Header bg
  • Users Online: 187
  • Print this page
  • Email this page
Header bg


 
 
Table of Contents
CASE REPORT
Year : 2020  |  Volume : 4  |  Issue : 3  |  Page : 122-124

Perioperative care in a patient with acute psychosis: Challenges and management


1 Department of Anesthesiology, Ganga Medical Centre and Hospitals Pvt Ltd., Coimbatore, Tamil Nadu, India
2 Department of Anesthesiology, All India Institute of Medical Sciences, Raipur, Chhattisgarh, India
3 Department of Psychiatry, Krishna Nursing Home, Centre for Medical Psychology, Counselling and De-addiction, Coimbatore, Tamil Nadu, India

Date of Submission17-Mar-2020
Date of Decision18-Apr-2020
Date of Acceptance02-May-2020
Date of Web Publication18-Jul-2020

Correspondence Address:
Dr. Tuhin Mistry
G-304, Jainam Planet, Tatibandh, Raipur - 492 099, Chhattisgarh
India
Login to access the Email id

Source of Support: None, Conflict of Interest: None


DOI: 10.4103/BJOA.BJOA_24_20

Rights and Permissions
  Abstract 


Providing perioperative care for patients with acute psychosis poses a unique challenge to the anesthesiologist. These patients are usually uncooperative, difficult to communicate with, and present with aggressive behavior. Such patients often have a history of substance abuse or chronic psychiatric illness and are on antipsychotic drugs. We report the successful perioperative management of a patient with acute psychosis, scheduled for open reduction and internal fixation of right humerus and clavicle fractures under regional anesthesia and conscious sedation.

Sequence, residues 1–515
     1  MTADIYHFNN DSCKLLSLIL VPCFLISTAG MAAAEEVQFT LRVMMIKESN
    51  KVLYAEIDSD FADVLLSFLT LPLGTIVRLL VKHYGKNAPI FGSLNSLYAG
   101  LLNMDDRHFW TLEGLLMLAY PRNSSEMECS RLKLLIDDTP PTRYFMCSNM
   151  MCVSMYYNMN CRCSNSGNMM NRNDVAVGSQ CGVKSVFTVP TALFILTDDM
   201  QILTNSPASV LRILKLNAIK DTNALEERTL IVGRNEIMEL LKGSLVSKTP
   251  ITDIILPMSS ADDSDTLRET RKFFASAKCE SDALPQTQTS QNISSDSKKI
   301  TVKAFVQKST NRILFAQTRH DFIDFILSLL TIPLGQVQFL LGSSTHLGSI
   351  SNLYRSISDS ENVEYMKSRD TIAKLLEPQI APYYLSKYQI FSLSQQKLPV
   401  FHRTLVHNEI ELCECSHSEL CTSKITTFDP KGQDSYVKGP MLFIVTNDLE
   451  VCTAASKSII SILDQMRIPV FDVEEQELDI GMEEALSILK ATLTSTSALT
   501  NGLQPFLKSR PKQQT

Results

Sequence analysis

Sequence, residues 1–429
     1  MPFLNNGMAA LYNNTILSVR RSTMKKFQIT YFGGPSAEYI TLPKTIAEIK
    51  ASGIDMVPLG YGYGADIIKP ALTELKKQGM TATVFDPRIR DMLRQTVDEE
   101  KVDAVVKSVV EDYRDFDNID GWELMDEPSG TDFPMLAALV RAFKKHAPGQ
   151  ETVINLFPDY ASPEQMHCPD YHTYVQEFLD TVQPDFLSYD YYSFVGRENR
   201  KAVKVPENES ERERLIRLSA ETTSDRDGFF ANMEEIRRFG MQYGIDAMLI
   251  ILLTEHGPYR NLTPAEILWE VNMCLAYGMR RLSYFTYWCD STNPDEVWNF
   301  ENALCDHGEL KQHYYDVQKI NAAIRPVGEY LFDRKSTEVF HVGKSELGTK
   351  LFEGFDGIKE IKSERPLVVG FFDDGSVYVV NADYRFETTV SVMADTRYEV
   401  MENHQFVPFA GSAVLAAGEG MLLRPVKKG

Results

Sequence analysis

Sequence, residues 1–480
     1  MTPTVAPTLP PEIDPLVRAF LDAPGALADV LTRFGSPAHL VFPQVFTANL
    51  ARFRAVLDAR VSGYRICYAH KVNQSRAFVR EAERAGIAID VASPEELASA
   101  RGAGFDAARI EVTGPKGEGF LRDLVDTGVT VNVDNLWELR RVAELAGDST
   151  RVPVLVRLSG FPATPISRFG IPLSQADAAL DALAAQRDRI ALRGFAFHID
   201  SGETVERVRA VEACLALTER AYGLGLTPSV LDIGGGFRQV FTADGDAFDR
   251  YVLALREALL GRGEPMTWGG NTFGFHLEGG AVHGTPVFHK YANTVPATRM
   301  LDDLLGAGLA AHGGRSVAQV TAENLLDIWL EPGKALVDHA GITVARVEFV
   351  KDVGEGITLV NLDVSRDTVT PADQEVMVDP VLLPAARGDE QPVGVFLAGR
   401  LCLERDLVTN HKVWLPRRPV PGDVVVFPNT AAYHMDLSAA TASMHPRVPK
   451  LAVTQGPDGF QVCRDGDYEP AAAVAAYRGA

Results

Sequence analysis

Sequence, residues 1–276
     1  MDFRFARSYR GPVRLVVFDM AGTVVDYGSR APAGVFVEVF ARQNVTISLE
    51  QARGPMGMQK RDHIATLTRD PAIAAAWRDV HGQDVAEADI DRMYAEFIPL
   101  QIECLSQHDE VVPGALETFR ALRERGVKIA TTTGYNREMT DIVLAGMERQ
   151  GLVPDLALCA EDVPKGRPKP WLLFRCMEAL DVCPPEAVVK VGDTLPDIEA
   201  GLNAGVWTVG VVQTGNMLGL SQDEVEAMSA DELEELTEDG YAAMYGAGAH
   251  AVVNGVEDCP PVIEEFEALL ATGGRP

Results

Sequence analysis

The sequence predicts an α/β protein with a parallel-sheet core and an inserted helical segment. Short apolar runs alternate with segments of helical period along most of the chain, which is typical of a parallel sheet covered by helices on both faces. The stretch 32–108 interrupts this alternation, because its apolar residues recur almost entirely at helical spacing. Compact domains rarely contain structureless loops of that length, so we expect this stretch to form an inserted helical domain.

Keywords: Acute psychosis, antipsychotic drugs, conscious sedation, perioperative care, regional anesthesia, substance abuse


How to cite this article:
Balavenkatasubhramanian J, Mistry T, Gurumoorthi P, Shankar BR. Perioperative care in a patient with acute psychosis: Challenges and management. Bali J Anaesthesiol 2020;4:122-4

How to cite this URL: